When I first decided to do a weekly post about up and coming Scottish artists, the first name that came to mind was Burnt Island. With their forthcoming mini-album, ‘Music and Maths’ due out on March 15th, I can now stop sitting on my hands and proclaim my new found love for this band.
It was their single ‘The Moments Before’, that first caught my attention. ‘Wise Blood Industries‘ made it available as a free download and an absolute belter and it is too. The band have certainly set themselves a very high benchmark to live up to.
Burnt Island are based around the songs of Rodge Glass, the acclaimed award-winning author who was also involved in the Ballad of the Books (the man’s talent knows no boundaries) where he wrote the song ‘The Fire’ with folk legend Vashti Bunyan. I saw him perform on his own once in a library on the Southside of Glasgow in the build up to that album’s release. At the time I remember thinking that his songs stood up well to the other artists that played that night – Emma Pollock and Martin Henry formerly of De Rosa. That was back in 2007, so it’s good to see that I can sometimes genuinely pick ’em.
It is actually Martin Henry’s former band that Burnt Island remind me of the most. Their sound is quite understated, dark and emotive; they don’t seem like the kind of band that will stand up and say look at me. But I am not as subtle. So I will stand up and say that this is quite simply stunning music that deserves your time, attention and ultimately your love.
Would you care to introduce yourself?
My name’s Rodge Glass and I’m the singer in Burnt Island. The others are: Andy Campbell (bass, keyboards, vocals), Amber Comerford (flute, vocals), Rik Evans (viola) and Malcolm Jack (electric guitar, vocals)
How would you describe the music you make?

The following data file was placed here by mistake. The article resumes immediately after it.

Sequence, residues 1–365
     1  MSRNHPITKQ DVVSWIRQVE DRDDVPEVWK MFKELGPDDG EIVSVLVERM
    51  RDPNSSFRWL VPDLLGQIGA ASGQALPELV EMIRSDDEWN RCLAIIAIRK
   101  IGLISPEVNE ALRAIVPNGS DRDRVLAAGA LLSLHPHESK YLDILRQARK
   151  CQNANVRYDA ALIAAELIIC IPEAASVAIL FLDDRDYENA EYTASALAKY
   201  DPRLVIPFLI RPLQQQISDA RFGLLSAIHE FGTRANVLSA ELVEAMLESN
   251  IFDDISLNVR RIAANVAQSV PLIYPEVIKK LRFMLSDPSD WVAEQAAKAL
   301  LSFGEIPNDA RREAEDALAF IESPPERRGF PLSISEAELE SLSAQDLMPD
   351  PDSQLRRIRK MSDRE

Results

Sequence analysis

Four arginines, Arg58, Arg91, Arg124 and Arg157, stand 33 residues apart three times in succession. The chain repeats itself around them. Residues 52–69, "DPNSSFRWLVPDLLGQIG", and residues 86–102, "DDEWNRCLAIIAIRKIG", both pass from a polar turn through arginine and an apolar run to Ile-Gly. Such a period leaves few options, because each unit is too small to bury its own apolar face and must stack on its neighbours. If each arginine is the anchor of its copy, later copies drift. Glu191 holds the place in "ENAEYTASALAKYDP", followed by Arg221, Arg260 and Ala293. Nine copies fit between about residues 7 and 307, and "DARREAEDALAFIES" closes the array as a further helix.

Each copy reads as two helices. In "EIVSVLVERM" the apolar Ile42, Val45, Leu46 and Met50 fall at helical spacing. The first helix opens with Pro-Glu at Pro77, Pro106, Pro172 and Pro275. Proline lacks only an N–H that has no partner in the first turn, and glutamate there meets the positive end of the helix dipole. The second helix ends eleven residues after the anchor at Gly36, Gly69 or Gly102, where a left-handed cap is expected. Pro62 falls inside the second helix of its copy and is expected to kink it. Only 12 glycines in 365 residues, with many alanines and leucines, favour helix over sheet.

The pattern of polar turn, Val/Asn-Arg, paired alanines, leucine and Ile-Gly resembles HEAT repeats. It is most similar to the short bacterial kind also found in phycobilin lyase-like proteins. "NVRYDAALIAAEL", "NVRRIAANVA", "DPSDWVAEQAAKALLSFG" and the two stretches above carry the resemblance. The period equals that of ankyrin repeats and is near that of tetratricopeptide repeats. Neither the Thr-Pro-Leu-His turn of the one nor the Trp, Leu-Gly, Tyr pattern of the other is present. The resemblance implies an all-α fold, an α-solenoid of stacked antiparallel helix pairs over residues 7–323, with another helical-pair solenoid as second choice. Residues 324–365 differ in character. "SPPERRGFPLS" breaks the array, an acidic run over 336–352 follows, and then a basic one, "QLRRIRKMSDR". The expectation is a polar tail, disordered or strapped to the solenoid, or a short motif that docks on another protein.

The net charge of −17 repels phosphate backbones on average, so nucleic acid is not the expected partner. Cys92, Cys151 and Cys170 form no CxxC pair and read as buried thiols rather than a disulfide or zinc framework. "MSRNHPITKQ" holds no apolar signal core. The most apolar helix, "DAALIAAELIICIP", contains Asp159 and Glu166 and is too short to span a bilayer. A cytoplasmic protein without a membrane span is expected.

Describing music in words is usually pretty difficult but let me have a go. It’s quite subtle, understated stuff – I like to think of it as 3am music, like someone is sitting on your shoulder whispering sour nothings into your ear…
How did the band come together?
It was born out of the ashes of my last, much noisier band, Single Point of Light – me and the guitarist, Ross McConnell, imagined doing everything 50:50 – songwriting, leading vocals alternately, just doing eveything as a duo. But the live thing soon grew and evolved, Ross got married and moved to Australia, and me and Malcolm then went about putting a new band together starting with my songs from Burnt Island Mk1 and taking it from there. We’ve had a few friends come and go so far, but the line up is settled now and I’m really happy with how things have turned out.
Why name your band after a town in Fife?
It was Ross’s idea – he worked in a call centre, someone called up from there and he pronounced it Burnt Is Land – the lady wasn’t very happy…I like it because there are Burnt Island’s all over the world – one in America, Australia as well I think. Basically wherever the British invaded. Also, a lot of the music sounds quite isolated and bruised so it fits. But maybe that’s me turning into a wordy wanker – ignore that!